Admiral Reinhard Scheer (1863-1928), Chief of the German Naval Staff from August 1918; he had previously commanded the High Seas Fleet, including at Jutland.
October 22 1918, Wilhelmshaven–The German army may have been quickly running out of men and losing the war on land, but the navy was still very much intact. After Prince Max ended unrestricted submarine warfare, which navy leaders had long held as the best hope of victory against the Allies (despite mounting evidence to the contrary), Scheer decided to make use of his “fleet in being” one last time, sortieing from Wilhelmshaven for a final confrontation with the Grand Fleet. He had obliquely mentioned this possibility to the Kaiser during the cabinet meeting on the 17th, saying that the end of submarine warfare meant that the High Seas Fleet would again have “complete freedom of action.” The Kaiser did not react to this, which Scheer interpreted as tacit approval, and he did not mention his plans to the Chancellor.
Scheer would later state that “I did not regard it necessary to obtain a repetition of the Kaiser’s approval. In addition, I feared that this could cause further delay and was thus prepared to act on my own responsibility.”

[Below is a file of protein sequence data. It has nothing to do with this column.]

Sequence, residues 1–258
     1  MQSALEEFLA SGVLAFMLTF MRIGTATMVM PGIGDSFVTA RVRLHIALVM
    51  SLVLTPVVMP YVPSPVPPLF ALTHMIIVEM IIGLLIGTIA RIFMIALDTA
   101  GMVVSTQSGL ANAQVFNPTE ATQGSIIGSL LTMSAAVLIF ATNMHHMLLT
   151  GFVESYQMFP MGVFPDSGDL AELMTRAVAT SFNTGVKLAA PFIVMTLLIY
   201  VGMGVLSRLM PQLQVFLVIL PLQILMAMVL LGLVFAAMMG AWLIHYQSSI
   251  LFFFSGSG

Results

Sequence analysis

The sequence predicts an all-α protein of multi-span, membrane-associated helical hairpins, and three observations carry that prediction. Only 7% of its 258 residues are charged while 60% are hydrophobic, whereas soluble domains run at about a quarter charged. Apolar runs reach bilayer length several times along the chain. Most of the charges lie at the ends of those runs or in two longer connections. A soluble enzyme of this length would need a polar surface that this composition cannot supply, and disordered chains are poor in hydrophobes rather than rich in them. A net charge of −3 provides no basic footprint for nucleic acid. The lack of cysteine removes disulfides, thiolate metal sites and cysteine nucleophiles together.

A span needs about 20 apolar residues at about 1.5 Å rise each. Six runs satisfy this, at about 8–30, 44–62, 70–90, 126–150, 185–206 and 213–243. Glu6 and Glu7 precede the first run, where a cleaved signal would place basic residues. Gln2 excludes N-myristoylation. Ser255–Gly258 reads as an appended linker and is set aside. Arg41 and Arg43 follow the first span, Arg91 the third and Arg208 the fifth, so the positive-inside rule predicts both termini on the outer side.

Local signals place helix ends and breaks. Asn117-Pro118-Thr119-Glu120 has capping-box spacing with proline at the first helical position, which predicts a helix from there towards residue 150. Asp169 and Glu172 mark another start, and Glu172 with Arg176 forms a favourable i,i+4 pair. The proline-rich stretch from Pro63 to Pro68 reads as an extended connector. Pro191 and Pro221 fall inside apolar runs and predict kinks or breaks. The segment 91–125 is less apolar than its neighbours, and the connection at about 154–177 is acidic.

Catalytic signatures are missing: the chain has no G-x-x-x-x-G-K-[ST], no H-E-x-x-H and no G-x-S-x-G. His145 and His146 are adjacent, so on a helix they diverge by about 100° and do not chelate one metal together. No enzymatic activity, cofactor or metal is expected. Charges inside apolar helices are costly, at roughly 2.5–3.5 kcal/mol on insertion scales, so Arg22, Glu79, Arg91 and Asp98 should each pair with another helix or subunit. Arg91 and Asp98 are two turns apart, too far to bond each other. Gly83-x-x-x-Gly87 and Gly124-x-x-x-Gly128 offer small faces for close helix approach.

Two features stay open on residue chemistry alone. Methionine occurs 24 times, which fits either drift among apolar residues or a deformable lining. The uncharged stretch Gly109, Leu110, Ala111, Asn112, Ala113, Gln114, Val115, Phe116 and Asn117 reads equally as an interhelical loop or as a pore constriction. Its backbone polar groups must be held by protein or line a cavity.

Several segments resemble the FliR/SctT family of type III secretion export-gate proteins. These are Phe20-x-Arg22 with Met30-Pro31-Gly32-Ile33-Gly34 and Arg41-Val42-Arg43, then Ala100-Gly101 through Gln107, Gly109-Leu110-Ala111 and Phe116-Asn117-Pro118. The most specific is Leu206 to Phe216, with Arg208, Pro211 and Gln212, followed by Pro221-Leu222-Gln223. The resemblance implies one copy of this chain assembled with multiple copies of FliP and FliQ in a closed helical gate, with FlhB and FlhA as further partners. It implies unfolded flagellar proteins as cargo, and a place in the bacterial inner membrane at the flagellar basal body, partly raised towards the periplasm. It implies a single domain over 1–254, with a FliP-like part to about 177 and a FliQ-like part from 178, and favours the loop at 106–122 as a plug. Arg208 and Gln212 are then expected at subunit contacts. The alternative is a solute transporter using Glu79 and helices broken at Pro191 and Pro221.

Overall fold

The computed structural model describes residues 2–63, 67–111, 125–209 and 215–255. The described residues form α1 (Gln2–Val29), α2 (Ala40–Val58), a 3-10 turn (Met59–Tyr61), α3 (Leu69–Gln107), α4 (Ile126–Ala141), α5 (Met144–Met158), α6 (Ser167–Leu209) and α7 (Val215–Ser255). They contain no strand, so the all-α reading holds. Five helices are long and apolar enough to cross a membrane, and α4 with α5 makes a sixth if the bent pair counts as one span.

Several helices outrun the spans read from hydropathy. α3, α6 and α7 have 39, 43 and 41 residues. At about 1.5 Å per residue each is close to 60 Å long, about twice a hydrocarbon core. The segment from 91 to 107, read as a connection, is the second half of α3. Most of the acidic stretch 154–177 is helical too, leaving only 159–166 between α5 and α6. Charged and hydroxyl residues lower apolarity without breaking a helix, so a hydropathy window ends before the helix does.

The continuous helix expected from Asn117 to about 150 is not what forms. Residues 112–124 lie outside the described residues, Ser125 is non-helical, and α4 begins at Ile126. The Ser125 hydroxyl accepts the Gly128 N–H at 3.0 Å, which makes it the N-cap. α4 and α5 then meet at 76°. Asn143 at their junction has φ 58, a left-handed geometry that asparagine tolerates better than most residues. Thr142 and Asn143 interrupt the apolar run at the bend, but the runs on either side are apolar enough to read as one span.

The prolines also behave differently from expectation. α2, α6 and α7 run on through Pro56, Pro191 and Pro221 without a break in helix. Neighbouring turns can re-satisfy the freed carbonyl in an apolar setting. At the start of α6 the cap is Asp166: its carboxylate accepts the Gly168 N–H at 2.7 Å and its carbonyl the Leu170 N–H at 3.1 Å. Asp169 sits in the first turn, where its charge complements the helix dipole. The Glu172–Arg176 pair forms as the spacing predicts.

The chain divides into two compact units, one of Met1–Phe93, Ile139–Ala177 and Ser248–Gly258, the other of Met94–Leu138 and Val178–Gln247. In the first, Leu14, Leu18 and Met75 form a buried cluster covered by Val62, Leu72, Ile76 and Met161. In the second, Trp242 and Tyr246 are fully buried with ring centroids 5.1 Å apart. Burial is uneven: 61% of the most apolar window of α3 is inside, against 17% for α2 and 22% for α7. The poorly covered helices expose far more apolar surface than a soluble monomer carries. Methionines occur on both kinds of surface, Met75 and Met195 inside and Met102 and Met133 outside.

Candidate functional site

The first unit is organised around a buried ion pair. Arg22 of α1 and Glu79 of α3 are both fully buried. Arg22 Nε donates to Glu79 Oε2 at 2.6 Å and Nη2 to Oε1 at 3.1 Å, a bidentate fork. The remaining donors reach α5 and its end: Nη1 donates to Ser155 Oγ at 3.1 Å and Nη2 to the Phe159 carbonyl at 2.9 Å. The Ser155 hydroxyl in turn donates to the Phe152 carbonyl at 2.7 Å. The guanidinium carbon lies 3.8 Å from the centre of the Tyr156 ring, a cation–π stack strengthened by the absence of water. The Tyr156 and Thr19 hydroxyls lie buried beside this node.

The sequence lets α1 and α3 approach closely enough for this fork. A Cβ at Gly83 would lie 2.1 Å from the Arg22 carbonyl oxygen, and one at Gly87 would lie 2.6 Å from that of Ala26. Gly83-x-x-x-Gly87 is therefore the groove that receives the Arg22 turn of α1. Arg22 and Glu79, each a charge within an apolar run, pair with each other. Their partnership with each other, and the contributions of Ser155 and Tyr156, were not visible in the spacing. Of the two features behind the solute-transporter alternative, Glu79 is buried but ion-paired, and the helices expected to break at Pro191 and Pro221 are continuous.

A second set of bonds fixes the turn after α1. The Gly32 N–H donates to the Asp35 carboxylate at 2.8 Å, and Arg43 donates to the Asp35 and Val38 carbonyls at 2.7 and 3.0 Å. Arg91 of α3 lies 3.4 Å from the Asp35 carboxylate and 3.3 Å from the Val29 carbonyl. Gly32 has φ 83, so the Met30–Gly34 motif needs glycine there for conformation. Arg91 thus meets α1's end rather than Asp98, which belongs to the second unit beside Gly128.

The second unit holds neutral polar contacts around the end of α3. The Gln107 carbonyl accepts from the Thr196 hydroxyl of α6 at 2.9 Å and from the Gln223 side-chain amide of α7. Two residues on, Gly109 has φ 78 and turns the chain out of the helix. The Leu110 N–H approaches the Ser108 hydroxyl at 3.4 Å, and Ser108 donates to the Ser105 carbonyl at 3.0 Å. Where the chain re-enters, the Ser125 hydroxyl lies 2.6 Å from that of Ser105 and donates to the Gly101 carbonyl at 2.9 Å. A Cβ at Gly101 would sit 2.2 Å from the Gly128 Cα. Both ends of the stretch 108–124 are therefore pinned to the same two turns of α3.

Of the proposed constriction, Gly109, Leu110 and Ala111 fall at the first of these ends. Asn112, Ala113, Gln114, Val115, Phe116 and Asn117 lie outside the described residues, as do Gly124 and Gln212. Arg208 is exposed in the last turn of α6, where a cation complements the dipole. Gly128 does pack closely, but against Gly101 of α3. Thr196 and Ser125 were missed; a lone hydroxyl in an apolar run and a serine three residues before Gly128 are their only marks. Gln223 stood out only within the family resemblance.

On October 22, one of Scheer’s subordinates arrived in Wilhelmshaven in person and gave the following order to Admiral Hipper: “The High Seas Fleet is directed to attack the English fleet as soon as possible.” There was no written order, all part of Scheer’s effort to hide the plan not just from the British, but from his own government as well. Scheer hoped that “a tactical success might reverse the military position and avert surrender,” and even if it did not, “an honorable battle by the fleet–even if it should be a fight to the death–will sow the seed for a new German fleet of the future.”
Hipper came up with the details of the plan over the next two days. It was similar to other German sorties in the past, hoping to draw the Grand Fleet over German U-boats and mines before the surface fleet attacked. The lure was to be a bombardment of the recently-abandoned Belgian coast, along with raids deep into the Thames estuary. If the submarines did not find their targets, Scheer and Hipper were determined to engage the British anyway, even if heavily outnumbered. If the two fleets somehow missed each other (as they had before), every destroyer would be sent towards the Firth of Forth and, upon finding the Grand Fleet, would launch their torpedoes at least three at a time. The plan had a reasonable chance of dealing considerable damage to the Royal Navy–though whether the High Seas Fleet’s sailors would be willing to carry out the plan remained to be seen.
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Sources include: Robert K. Massie, Castles of Steel.